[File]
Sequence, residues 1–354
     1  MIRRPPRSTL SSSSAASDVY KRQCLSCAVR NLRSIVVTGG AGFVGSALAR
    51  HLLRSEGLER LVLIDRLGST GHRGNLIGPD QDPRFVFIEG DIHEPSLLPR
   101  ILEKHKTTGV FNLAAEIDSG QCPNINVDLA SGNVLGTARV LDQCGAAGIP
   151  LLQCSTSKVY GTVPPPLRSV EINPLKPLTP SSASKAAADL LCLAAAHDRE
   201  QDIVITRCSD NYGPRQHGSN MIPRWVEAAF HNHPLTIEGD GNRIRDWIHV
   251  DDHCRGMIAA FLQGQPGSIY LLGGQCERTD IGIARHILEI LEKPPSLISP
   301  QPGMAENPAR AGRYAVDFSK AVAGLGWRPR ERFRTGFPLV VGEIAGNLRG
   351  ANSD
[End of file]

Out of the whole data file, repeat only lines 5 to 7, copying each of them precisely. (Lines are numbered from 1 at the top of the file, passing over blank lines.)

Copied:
   151  LLQCSTSKVY GTVPPPLRSV EINPLKPLTP SSASKAAADL LCLAAAHDRE
   201  QDIVITRCSD NYGPRQHGSN MIPRWVEAAF HNHPLTIEGD GNRIRDWIHV
   251  DDHCRGMIAA FLQGQPGSIY LLGGQCERTD IGIARHILEI LEKPPSLISP